What COVID-19 cover is available?

As a minimum, we've ensured that every travel insurance provider available through our site now includes emergency medical cover, including repatriation, for COVID-19. If you fall ill with COVID-19 whilst on holiday, and require treatment, you’ll be able to get help with the medical costs or even be brought home for medical treatment if required.

Some of our travel insurance providers are also able to offer extra cover for covid related risks, including some cancellation protection. We’ll make it clear which policies they are and, depending on your policy, some of the areas that may be covered are;

Before your holiday

  • You contract COVID-19 before you travel
  • You are required to self-isolate at the time of your trip departure
  • A family member you were due to stay with has to self isolate and you have nowhere else to stay
  • You are denied boarding by your airline due to COVID-19 symptoms

During your holiday

  • You are asked to return home early from your trip by the local authorities due to COVID-19
  • Additional accommodation costs if you need to isolate and extend your trip
  • A close relative becomes ill with COVID-19 and you need to return home early

The specifics of the cover will vary from provider to provider, so it’s really important that you check your policy wording thoroughly. If you’re still unsure, then speak with your chosen travel insurance provider directly who can give you guidance on what they can and cannot cover you for.

In some circumstances, you may be asked for medical certification, or confirmed test results, if your claim is in relation to COVID-19.

It’s also important to remember that whilst cover may be restricted in respect of COVID-19, cover for other areas should still apply, such as if you fall ill and are unable to travel, or need medical assistance for other conditions that are unrelated to COVID-19.

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What COVID-19 cover isn't available?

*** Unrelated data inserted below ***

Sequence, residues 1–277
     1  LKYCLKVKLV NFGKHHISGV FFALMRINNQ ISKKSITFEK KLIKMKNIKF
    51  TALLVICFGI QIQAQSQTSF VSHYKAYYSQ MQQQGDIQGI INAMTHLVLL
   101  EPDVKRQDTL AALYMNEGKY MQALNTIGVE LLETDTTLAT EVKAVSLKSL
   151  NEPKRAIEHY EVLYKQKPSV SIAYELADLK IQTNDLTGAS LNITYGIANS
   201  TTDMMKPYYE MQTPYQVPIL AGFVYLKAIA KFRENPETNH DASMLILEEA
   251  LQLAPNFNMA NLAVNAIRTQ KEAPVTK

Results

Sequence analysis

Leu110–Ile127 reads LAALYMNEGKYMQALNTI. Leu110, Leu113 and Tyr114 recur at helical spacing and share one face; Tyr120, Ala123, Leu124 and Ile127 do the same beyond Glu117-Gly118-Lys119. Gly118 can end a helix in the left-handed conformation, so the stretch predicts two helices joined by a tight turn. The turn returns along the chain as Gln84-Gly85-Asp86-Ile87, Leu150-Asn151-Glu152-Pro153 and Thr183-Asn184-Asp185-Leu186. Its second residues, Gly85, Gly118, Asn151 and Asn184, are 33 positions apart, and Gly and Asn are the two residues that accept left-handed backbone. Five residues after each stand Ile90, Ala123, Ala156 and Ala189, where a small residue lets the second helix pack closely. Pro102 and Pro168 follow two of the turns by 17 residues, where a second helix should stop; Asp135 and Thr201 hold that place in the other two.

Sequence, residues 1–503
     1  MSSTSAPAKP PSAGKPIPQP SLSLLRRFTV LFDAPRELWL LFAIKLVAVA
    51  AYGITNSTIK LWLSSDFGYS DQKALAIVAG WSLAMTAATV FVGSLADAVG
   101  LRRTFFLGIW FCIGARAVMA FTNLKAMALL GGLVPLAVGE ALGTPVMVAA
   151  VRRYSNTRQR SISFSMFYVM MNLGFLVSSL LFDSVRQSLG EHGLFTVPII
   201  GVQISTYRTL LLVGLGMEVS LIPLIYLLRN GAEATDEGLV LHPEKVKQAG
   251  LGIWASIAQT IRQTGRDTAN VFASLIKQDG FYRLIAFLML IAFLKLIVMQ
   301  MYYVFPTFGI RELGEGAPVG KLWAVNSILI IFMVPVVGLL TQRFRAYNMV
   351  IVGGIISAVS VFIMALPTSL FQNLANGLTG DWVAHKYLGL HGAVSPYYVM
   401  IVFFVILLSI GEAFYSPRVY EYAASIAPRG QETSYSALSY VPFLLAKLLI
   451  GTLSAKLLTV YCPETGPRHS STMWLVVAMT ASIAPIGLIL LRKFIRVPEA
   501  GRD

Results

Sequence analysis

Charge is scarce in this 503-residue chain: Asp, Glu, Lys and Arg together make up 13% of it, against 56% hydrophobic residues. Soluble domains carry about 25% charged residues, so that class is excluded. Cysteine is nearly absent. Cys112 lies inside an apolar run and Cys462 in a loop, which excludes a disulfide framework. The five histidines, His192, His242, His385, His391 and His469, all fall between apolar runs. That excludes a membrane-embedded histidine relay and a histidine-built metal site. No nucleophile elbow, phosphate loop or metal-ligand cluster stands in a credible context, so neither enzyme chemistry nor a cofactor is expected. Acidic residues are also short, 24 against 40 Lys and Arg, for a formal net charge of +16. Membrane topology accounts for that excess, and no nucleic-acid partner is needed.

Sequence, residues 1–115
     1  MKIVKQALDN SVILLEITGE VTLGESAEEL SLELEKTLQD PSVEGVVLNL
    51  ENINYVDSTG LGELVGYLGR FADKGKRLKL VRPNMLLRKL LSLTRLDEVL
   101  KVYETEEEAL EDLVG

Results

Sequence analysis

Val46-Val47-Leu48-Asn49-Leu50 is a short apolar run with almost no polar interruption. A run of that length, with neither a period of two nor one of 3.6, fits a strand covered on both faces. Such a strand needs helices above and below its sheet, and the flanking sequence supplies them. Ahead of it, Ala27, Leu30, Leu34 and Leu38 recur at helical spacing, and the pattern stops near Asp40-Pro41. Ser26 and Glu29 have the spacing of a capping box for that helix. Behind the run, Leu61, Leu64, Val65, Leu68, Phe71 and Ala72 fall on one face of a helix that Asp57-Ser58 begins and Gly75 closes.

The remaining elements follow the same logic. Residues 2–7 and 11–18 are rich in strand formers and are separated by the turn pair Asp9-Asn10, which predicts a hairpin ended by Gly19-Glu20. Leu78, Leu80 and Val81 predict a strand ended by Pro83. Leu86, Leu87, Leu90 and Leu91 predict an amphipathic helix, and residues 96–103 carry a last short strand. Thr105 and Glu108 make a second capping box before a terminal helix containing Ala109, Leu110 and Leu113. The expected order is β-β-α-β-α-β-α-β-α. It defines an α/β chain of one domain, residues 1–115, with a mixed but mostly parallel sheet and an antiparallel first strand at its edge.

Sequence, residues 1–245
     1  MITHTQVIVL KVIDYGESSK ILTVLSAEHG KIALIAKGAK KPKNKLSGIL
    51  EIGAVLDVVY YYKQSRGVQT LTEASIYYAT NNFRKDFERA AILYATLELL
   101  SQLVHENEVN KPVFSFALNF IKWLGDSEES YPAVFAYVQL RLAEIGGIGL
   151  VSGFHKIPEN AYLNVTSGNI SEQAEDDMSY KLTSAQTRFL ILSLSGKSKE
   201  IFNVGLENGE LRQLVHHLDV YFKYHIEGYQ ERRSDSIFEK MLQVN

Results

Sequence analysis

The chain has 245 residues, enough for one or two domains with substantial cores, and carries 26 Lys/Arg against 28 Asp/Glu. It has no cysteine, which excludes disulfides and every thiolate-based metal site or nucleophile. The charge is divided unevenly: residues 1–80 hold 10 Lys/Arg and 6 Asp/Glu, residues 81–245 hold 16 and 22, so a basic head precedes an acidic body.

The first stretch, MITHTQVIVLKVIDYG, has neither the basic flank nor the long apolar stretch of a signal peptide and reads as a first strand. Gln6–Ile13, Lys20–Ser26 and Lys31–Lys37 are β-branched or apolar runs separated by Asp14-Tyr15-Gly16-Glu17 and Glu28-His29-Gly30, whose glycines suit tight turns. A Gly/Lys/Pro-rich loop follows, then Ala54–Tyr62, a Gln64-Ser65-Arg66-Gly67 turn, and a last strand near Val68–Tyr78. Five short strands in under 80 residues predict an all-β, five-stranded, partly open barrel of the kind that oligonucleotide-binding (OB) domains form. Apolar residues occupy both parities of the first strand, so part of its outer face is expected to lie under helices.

This will vary, policy by policy, and unless otherwise stated, providers won’t be able to cover you for anything related to COVID-19, other than emergency medical expenses cover whilst you are away. 

It is unlikely that any travel insurance provider will be able to cover you if you can’t travel due to government restrictions, such as advice from the Foreign Commonwealth and Development Office, or a country closing their borders, if this is due to COVID-19.

Most providers will also restrict cover if you decide not to go on holiday. This includes if you are worried about catching the virus whilst you are on your trip, the facilities at your hotel being restricted, or if you are expected to quarantine either when you get to your destination, or when you come back to the UK.

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How will lockdown restrictions impact my travel insurance?

If you are unable to go on your trip due to regional or national lockdown restrictions, you should, in the first instance, contact your travel provider (such as your airline or hotel) - as they should be able to rearrange your trip for you or offer you a refund.

It's unlikely any travel insurance provider will be able to cover you if you cancel your trip due to the government's lockdown rules, or if you decide to travel against the governments restrictions.

What happens if my travel provider has cancelled my trip?

If your holiday gets cancelled not only will you probably be disheartened, but you’ll also want to know what happens to the money you invested in it.

In the first instance, your travel operator should be able to rearrange your trip for a later date, when it’s more likely that your trip can go ahead.